So plastics can be good for the atmosphere too
Plastics that are made from materials that are biodegradable, such as corn, are attractive to the consumer, but recent studies reveal that they also generate lower greenhouse gas emissions than the manufacturing of other plastics.
Jian Yu and Lilian Chen of the University of Hawaii, Honolulu, examined the greenhouse gas emissions associated with producing one type of bioplastic, polyhydroxyalkanoates (PHA), made by bacteria growing on corn-based sugar.
The pair examined the potential for making PHA from waste material left over from the production of ethanol from the stalks and leaves of corn plants -- which is not yet done on a commercial scale.
"We count all of the chemicals, fertilizers and fuels. We also count the CO2 released from our process. That includes the direct CO2 from the fermentation part, and the energy part," Yu said. "We tried to bean count so we can understand which part is the major CO2 producer."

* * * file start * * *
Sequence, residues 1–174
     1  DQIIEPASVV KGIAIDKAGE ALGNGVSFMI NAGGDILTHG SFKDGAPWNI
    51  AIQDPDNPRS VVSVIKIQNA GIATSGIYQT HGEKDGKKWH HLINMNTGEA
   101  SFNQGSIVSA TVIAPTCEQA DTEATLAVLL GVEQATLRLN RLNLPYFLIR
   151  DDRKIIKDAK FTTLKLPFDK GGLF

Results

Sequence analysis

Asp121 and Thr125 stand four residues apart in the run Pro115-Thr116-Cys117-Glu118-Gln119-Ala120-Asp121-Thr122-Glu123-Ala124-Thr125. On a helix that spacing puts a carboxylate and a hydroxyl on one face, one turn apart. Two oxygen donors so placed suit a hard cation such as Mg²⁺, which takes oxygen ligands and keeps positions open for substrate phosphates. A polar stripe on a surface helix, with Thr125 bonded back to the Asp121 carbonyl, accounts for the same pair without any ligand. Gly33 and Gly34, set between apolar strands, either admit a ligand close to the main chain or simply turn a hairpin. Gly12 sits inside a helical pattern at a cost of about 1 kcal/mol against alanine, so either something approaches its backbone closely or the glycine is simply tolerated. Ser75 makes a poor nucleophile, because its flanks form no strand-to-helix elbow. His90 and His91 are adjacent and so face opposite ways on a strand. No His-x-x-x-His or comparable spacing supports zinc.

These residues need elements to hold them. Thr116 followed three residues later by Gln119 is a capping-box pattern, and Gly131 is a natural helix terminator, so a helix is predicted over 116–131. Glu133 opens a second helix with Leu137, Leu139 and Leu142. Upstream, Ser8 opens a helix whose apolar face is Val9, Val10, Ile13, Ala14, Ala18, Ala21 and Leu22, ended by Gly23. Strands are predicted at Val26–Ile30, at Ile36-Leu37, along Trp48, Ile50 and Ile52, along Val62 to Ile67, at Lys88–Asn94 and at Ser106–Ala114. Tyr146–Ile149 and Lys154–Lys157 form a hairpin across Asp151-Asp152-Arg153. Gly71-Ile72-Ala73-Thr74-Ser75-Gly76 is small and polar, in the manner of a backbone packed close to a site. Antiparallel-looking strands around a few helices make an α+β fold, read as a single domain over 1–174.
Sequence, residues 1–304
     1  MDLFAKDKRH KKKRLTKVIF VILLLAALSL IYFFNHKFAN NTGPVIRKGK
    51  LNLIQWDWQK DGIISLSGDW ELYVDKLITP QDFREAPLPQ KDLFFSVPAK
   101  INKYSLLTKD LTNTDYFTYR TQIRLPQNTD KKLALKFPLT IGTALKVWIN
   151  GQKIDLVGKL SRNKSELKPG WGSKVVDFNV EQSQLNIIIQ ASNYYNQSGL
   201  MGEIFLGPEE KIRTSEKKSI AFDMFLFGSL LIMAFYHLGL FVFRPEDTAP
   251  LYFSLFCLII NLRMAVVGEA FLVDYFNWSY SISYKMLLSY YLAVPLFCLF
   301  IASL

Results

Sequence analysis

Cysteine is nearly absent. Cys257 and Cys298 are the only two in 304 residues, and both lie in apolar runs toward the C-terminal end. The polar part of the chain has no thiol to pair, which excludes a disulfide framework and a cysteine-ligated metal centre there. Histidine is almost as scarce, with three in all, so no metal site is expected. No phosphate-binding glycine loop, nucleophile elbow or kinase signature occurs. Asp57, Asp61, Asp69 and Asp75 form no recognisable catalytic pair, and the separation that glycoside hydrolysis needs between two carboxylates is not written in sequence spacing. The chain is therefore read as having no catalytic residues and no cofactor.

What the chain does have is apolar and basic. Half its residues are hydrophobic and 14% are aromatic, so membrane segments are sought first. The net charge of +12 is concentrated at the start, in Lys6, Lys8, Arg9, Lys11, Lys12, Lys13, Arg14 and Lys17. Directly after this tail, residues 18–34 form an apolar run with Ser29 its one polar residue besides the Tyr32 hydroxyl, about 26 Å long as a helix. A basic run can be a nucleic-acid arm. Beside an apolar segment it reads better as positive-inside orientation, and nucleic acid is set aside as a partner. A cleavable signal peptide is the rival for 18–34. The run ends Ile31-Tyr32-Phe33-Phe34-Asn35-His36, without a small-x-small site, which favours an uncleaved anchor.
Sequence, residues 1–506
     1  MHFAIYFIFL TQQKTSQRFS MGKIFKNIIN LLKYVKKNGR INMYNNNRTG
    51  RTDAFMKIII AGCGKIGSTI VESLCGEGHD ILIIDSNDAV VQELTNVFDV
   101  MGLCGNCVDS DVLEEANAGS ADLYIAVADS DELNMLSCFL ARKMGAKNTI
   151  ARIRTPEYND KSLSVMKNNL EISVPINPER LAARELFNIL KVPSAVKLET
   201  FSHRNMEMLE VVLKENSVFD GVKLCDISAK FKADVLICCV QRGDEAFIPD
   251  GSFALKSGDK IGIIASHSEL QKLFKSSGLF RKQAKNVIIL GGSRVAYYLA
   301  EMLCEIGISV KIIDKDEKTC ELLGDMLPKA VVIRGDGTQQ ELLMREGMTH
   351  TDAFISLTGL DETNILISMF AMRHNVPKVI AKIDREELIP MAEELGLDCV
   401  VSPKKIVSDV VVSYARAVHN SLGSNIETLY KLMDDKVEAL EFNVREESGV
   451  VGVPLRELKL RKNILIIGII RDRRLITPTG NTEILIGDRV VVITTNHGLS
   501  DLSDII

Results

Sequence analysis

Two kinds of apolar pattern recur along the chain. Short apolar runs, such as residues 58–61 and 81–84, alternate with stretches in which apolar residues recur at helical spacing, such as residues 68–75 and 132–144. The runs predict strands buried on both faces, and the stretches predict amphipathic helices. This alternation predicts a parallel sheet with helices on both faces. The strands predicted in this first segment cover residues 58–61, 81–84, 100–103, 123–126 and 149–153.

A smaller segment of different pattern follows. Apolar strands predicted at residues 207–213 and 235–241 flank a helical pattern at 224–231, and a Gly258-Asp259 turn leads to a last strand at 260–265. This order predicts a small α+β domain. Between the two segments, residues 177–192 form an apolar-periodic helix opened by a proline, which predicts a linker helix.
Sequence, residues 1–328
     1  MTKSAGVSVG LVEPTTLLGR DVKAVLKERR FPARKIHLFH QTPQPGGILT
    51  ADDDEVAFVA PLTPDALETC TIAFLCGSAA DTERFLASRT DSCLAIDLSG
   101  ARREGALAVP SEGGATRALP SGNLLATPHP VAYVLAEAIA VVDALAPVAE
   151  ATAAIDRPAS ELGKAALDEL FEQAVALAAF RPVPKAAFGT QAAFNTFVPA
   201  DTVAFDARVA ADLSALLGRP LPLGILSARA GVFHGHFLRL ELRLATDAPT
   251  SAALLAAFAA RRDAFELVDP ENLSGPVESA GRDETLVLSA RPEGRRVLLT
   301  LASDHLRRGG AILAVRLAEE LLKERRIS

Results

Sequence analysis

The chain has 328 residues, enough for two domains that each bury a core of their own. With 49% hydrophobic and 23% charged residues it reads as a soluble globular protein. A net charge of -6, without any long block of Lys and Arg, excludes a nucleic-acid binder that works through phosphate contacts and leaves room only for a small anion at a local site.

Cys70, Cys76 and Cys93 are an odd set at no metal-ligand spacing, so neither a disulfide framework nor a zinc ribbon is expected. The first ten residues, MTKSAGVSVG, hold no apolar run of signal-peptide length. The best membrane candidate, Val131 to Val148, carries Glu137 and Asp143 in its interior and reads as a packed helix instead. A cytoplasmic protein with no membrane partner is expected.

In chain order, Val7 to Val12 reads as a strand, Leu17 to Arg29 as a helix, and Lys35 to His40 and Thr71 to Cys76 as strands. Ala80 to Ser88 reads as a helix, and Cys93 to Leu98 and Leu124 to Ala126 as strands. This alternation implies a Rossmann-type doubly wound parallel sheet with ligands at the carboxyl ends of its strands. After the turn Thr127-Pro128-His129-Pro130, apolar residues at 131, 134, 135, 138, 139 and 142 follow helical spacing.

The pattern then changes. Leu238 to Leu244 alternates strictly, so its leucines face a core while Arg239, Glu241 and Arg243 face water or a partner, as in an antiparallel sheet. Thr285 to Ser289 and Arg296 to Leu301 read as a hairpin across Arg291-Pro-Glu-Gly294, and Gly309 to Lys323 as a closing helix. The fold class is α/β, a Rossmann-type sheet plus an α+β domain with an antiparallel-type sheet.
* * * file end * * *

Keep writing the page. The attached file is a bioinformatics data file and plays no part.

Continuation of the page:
In the manufacturing of bottles, the biggest producer of greenhouse gases is the fermentation process, and the other is electricity. The new process tackles both environmental reasons but also economic ones.
Of course, you can always go the really environmentally friendly route and make your plastic out of potato.